|Neyo and Monyetta Shaw.|
On Oct. 9, 2011, I delivered a healthy baby boy, my second child, Mason, and I finally felt my family was complete. So before the doctors finished up in the delivery room, I told them: “I want you to burn my fallopian tubes.”
My fiancé, Shaffer Chimere Smith (better known as R&B artist Ne-Yo), was right by my side, holding my hand the entire time. The doctor must have asked us eight times if this was what we wanted. Each time, we both replied yes.
Sterilization was something Ne-Yo and I discussed thoroughly in the months leading up to the baby’s delivery. We had a daughter, Madilyn, in 2010, and two children seemed like more than enough for the both of us. Ne-Yo also agreed to undergo a vasectomy to show our mutual commitment to the relationship.
We first met in 2009 at a Jamie Foxx concert in Louisiana. He asked me out several times before I said yes — and then I fell for him fast. He had such a good heart, and that’s what attracted me to him.
The next year, I found out I was pregnant. It wasn’t a complete surprise, as we weren’t using protection, and we knew instantly that this child was a gift from God.
After starting a family, I fell more in love than ever. In 2010, during a weekend in the Dominican Republic for [rapper] Fabolous’ birthday, Ne-Yo asked me to marry him. We were in a suite, and he told everybody to be quiet. He pulled my hand, dropped down to one knee, and I immediately started crying. He incorporated the lyrics from his song “Make Me Better” and pulled out a 10-carat diamond ring.
In 2011, I found out I was pregnant with Mason.
This time, Ne-Yo wasn’t there a lot. Our home base was in Atlanta, but he spent most of his time working in Los Angeles. I told him, “Our family should be in LA with you,” but he was adamant that his family grow up in Atlanta.
I would travel to see him sometimes, but as the pregnancy progressed I could no longer fly. But he was there for Mason’s birth, and gave me a high-five in the delivery room. Immediately after, the doctor performed the sterilization procedure. I had no regrets.
I was so busy caring for two young children, I just assumed Ne-Yo had followed through and had gotten the vasectomy. I trusted him so much that it never even crossed my mind that he hadn’t gone through with it.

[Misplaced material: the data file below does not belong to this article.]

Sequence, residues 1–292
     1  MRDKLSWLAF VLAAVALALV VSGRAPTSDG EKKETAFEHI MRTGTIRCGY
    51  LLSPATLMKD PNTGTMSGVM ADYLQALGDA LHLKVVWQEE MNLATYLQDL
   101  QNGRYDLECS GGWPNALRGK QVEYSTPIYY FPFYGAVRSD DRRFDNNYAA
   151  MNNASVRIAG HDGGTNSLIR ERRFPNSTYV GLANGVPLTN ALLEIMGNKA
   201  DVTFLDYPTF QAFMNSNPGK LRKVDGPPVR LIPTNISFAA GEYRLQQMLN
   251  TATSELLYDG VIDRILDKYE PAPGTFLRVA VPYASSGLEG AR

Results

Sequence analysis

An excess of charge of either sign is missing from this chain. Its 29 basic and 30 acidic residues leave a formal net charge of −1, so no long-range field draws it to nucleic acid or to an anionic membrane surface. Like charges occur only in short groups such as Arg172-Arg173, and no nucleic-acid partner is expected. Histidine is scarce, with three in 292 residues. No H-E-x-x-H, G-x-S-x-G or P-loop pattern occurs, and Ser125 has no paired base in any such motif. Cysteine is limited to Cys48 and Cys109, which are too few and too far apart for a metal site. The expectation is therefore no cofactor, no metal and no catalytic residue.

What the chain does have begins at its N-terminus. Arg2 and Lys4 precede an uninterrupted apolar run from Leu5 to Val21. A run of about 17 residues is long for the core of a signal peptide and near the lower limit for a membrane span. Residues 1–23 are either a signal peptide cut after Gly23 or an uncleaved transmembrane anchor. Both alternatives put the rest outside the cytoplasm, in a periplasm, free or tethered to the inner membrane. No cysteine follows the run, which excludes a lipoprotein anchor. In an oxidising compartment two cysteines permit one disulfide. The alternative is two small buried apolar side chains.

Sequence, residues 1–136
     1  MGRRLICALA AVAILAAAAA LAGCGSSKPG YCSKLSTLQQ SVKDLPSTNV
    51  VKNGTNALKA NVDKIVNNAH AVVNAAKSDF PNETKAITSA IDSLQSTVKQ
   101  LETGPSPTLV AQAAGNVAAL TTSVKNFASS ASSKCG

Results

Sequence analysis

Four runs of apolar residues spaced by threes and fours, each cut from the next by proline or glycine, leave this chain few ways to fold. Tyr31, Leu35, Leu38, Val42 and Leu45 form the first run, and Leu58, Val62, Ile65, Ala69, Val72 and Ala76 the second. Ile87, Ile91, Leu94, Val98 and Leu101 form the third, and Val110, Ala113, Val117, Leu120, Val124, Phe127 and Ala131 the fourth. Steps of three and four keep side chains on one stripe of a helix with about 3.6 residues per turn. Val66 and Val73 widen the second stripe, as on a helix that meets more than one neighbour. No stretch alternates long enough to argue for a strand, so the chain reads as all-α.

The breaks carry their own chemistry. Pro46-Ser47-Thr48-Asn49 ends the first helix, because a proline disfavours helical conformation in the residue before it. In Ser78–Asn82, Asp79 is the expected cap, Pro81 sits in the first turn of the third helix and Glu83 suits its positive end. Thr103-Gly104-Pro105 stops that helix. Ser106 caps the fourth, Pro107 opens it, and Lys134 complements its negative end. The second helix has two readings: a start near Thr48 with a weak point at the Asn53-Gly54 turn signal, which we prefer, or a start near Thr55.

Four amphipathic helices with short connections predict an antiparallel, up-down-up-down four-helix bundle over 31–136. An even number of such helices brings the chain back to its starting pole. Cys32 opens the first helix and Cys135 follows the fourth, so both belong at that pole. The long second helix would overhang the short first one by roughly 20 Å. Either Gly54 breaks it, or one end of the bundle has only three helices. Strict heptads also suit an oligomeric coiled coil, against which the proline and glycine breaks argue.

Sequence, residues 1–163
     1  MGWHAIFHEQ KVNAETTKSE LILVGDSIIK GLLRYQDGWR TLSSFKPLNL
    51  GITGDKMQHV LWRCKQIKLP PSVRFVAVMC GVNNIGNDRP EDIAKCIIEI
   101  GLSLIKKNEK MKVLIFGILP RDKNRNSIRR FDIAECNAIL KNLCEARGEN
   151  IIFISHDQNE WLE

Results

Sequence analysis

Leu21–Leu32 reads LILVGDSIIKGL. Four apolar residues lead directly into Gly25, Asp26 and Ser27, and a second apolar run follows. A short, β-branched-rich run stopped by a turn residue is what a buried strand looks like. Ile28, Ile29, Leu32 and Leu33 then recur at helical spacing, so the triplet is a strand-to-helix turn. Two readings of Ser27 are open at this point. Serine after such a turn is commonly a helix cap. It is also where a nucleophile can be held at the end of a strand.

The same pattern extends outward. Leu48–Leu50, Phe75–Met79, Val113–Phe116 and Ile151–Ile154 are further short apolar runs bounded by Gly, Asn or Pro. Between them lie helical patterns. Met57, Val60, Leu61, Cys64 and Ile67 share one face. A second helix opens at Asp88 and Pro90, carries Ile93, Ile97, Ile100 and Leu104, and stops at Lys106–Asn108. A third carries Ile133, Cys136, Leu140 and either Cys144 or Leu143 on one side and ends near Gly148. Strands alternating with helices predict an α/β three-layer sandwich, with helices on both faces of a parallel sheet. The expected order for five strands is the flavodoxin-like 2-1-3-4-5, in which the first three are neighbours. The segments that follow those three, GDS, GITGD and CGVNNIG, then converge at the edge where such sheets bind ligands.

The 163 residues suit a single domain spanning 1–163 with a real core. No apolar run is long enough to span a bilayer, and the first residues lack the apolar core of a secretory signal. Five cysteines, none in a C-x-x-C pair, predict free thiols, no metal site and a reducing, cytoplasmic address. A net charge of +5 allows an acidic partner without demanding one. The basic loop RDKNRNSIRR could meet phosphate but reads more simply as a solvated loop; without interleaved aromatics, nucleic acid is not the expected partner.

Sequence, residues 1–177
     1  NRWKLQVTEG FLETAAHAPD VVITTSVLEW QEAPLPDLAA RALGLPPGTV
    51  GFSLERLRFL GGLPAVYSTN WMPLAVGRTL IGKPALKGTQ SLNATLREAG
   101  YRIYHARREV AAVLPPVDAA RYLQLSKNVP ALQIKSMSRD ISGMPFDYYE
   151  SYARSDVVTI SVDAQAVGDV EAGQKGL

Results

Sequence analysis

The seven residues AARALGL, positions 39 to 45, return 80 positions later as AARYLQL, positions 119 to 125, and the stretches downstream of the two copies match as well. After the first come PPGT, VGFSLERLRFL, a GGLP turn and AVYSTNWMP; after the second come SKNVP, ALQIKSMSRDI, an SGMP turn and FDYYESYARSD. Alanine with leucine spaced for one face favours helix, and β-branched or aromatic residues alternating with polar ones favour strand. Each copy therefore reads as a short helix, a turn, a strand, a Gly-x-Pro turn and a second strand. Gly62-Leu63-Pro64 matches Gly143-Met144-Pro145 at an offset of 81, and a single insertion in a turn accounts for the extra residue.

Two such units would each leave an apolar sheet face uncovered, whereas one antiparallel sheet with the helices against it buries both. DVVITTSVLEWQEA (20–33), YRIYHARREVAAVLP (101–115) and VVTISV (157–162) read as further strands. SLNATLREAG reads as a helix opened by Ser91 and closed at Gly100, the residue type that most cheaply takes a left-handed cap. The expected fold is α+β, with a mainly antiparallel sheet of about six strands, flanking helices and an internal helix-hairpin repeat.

But then, in June 2013 — just two months before our August wedding — Ne-Yo called.
“I don’t want to be monogamous anymore,” he told me — in other words, he wanted to break up. A week later, we had a deep conversation face to face. I was so hurt and distraught; my parents have been together for 44 years, and I always assumed our relationship would last for the rest of our lives. The thought of him and my kids not living under the same roof was devastating.
A week after our split, Ne-Yo posted the news on Instagram. It wasn’t long until VH1 producers called and asked me to join the reality show “Atlanta Exes,” which followed me along with other ex-wives of Hollywood stars, such as Tameka [Foster], Usher’s ex.
Then, in 2014, when Ne-Yo released his music video for “Money Can’t Buy,” I found out that he was dating the video’s vixen, Crystal Renay, known for posting racy photos on Instagram.
My world came crashing down all over again: I had tried to understand that he didn’t want to be monogamous, but then he went and found a different woman whom he was ready to be monogamous with?
It hurts to see them parade their love on social media. They recently married, on Feb. 20, and Crystal gave birth to their first son. She seems like a nice girl, but I would be worried if I were she. How does she know that he’s not going to do the same thing to her that he did to me?
Adding to the pain is knowing that if I find another man to love, I may not be able to start a family with him. I’m too scared to go to a doctor to find out if there’s anything they can do about it. Because I do want to get married someday, and if my future husband does not have kids, I will want to have his children.
Despite all of the hurt, there has been one bright spot. I’ve had so many women reach out to me via social media, pouring their hearts out about similar regrets. I’m glad that I’ve been able to counsel some of them as they navigate their own hardships.
Now I look back and wonder what I was thinking. I love hard, and I made so many permanent decisions based on what I thought a man wanted from me, not what I wanted for myself. When my daughter comes of age, I will tell her: “Your body is your temple. Don’t do anything to it you don’t want to regret.”
Today, I’m finally at peace. I took awhile to get here, and I don’t know if I’ll ever be exactly where I want to be, but I make the choice each day to be happy, not just for me, but for my two kids. That’s where the title of my book comes from — this is all bigger than me.